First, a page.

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Title: Evaluation of the solute transport characteristics of surcharged manholes using a RANS solution
Author: Bennett, Paul
ISNI:       0000 0004 2723 2522
Awarding Body: University of Sheffield
Current Institution: University of Sheffield
Date of Award: 2012
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Urban drainage networks contain a large number of structures; the most common of which is a manhole. Previous studies investigating solute transport through manholes identified a threshold level of surcharge at which the hydraulic conditions in the manholes sharply altered. At high levels of surcharge, a dead zone formed above the main jet, potentially retaining solute for later discharge. This phenomenon could have significant impacts on the results obtained from 1D urban drainage network models which only consider pure advection. Previous research (including other CFD based studies) concentrated on steady flow conditions through these structures which are not thought to be representative of the dynamic flow conditions experienced in practice. During large storm events, the capacity of combined sewer networks may be exceeded. This leads to the discharge of untreated sewage to receiving watercourses. Discharges such as these are governed by legislation and, therefore, an understanding of pollutant transfer through urban drainage networks is required. Using existing laboratory and Computational Fluid Dynamics (CFD) data, this study produced a primary and secondary validated methodology for meshing and modelling manholes using CFD. This was then extended to free-surface multiphase modelling allowing for more realistic unsteady conditions to be considered. This included an in-depth comparison of suitable turbulence models and solute-modelling options. It was found that, whilst it was possible to model multiphase free-surface flow within such a structure, it was unnecessarily computationally expensive as temporal changes in the flow field are rapid when compared with a practical time-step for use with 1D models. The validated modelling methodology was then used to recreate the original study that identified the hydraulic threshold. This included a selection of manholes with a range of inlet to manhole diameter ratios. However, this was extended further to include manholes with a ratio less than five (commonly found in UK sewer systems). It was shown that the hydraulic threshold broke down below this limit, removing the need for this to be modelled in 1D systems.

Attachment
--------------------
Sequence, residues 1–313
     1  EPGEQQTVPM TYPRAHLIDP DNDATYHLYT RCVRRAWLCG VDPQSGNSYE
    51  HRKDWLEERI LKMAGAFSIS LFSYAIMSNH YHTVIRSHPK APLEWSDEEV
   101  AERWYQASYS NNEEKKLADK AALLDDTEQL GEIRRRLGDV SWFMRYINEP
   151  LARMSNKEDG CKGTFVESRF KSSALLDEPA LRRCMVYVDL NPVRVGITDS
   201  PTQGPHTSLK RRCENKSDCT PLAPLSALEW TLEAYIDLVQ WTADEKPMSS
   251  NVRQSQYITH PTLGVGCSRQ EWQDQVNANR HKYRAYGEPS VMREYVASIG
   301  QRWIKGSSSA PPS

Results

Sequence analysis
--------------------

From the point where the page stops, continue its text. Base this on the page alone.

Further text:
Supervisor: Stovin, Virginia Sponsor: Not available
Qualification Name: Thesis (Ph.D.) Qualification Level: Doctoral
EThOS ID:  DOI: Not available